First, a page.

The Confidence Interval Approach

Another way in which
to test for equivalence calls for the construction of a confidence
interval (CI) about the difference between means observed.
Having initially specified our Δ boundaries, we then see if e.g. the
95% CI for the difference between means falls entirely within
that range. To obtain the interval for the above example:. If we want this approach to provide the
same results as the two one-sided tests performed above, we
construct a CI at the 100(1-2a)%
level used in the previous approach. Going the other way, if
our decision was to provide a CI at the 95% confidence level for the
difference, we would perform the two one-sided tests above at
a = .025.

Inferential
Confidence Intervals

An alternative
confidence interval method comes from Tryon (2001). His
approach involves what he refers to as inferential confidence
intervals (ICI). These are different from ordinary confidence
intervals in that they use they use a reduced critical value such
that non-overlap of the two group’s ICIs for their respective means
suggests statistical difference at the specified alpha level for a
significant difference. To test equivalence, one takes the
lower bound of the lesser mean’s ICI and the upper bound of the
greater mean’s ICI to establish a range of the difference between
them (R_{g} = Upper bound – Lower bound). If this R_{g}
is less than that established for non-equivalence (the above Δ), we
conclude equivalency among the groups. Tryon’s method may be
preferable in that in contains within it a means of testing both
equivalence and difference. Furthermore, it provides a third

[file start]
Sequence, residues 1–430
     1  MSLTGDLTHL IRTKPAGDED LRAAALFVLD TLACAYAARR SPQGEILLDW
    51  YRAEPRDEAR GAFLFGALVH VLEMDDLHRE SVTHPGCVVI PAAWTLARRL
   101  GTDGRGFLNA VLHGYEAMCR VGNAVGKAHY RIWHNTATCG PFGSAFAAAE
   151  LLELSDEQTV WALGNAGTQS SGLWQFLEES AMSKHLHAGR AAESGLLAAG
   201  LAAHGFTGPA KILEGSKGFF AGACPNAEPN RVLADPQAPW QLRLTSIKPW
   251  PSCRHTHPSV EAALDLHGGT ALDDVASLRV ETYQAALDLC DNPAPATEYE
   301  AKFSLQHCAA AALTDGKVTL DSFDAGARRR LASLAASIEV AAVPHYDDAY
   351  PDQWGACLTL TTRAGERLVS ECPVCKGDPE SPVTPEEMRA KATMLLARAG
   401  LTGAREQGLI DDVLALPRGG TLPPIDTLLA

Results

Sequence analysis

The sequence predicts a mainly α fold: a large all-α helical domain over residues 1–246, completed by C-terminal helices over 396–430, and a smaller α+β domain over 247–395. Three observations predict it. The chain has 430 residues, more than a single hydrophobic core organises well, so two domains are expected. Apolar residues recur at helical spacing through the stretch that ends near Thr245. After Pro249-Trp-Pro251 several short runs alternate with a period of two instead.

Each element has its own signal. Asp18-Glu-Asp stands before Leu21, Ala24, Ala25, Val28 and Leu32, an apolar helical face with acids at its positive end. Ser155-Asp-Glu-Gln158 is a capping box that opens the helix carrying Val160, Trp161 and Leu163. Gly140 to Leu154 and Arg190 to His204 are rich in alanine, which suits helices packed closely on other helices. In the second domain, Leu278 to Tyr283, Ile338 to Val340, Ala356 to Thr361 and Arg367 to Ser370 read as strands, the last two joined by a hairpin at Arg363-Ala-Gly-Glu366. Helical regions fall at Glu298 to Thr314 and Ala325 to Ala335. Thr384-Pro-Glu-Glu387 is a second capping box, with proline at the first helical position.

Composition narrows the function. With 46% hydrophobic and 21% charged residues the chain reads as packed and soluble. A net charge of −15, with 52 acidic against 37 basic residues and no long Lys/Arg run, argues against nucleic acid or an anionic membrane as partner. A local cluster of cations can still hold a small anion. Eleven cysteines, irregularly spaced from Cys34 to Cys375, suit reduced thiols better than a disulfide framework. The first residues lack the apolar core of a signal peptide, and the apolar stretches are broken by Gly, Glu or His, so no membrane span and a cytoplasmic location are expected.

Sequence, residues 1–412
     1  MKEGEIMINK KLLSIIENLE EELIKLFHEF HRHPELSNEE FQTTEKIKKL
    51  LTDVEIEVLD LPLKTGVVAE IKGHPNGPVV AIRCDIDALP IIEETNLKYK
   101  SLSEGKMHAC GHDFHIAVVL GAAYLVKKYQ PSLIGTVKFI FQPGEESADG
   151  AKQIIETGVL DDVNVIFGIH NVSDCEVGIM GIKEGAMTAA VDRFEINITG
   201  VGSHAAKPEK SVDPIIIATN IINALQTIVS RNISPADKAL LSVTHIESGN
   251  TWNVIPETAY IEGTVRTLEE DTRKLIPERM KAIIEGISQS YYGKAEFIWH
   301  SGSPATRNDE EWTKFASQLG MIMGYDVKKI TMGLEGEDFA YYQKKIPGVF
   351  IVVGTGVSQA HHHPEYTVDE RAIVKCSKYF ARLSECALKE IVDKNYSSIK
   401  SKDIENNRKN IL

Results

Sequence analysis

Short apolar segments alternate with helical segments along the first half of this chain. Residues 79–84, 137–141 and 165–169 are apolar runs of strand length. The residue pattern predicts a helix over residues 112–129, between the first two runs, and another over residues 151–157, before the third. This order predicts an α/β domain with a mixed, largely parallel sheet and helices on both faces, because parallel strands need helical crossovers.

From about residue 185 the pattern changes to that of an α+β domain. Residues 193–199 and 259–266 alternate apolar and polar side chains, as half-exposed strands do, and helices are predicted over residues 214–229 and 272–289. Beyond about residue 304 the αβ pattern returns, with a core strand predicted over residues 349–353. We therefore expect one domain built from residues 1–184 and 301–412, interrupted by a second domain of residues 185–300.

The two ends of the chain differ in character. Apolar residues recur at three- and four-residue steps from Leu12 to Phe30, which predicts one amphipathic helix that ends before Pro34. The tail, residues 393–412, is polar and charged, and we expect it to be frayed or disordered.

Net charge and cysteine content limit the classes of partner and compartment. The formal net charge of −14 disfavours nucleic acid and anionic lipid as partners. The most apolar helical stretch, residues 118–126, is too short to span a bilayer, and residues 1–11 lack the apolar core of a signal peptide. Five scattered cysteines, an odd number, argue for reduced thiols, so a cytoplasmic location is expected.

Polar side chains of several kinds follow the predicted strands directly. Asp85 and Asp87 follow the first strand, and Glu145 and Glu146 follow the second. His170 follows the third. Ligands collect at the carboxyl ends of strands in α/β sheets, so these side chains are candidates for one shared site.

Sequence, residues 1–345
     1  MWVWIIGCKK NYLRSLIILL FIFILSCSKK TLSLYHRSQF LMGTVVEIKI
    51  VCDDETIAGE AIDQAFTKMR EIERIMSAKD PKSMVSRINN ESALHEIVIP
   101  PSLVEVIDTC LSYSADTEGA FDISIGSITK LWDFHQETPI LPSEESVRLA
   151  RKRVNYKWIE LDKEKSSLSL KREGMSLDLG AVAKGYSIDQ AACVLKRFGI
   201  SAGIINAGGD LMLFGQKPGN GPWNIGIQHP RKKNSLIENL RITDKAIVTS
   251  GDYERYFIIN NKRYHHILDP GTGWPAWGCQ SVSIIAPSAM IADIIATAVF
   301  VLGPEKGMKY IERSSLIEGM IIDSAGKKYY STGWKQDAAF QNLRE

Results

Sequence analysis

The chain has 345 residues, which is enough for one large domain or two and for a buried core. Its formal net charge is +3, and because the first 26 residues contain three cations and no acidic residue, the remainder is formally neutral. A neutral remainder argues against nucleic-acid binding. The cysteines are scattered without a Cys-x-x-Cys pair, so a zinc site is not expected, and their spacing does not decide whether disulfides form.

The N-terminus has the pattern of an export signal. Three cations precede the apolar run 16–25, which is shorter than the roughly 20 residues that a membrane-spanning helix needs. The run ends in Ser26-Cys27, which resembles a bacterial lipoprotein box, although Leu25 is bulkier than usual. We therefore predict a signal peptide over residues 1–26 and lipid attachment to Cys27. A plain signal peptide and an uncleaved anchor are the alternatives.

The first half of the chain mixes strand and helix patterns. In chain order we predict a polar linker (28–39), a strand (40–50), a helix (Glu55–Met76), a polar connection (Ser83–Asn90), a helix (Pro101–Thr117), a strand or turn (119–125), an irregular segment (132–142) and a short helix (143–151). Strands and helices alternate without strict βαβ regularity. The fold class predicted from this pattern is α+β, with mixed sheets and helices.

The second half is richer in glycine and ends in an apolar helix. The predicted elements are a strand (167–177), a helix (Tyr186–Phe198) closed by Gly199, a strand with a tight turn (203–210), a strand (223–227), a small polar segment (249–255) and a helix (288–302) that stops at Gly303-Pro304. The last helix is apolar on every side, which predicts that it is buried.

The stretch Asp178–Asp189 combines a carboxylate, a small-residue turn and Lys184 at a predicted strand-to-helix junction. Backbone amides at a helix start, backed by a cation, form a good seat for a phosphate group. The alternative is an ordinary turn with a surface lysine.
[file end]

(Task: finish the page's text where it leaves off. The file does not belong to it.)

possible outcome, indeterminancy, where neither equivalence nor
difference can be established statistically.

Summary

The social sciences
are overdue for a much wider implementation of tests of equivalence.
It is often the case that researchers claim evidence of a particular
hypothesis through non-rejection of the null hypothesis of no
difference. However, it is incorrect to conclude equivalent
groups just because we do not have enough evidence against the null,
as Fisher pointed out decades ago. Methods are readily
available to determine whether two groups are statistically
equivalent, and should be used accordingly.

Some Resources

Altman, D.G., & Bland, J.M. (1995). Absence of Evidence is not
Evidence of Absence. British Medical Journal, 311,
485.

Rogers, J.L., Howard, K.I., & Vessey, J.T.
(1993). Using Significance Tests
to Evaluate Equivalence Between Two Experimental Groups. Psychological Bulletin, Vol
113(3), 553-565.

Tryon, W. W.
(2001). Evaluating statistical difference, equivalence, and
indeterminacy using inferential confidence intervals: An integrated
alternative method of conducting null hypothesis statistical tests.
Psychological Methods, 6,371-386.

[i]
In fact, our result doesn’t speak to any hypothesis in a particular,
only the probability of some outcome, which we then use to make a
decision regarding the null hypothesis.

[ii]
This procedure already differs from most t-tests done in social
sciences as despite repeated pleas from quantitative types typically
we test a ‘nill’ hypothesis of no difference.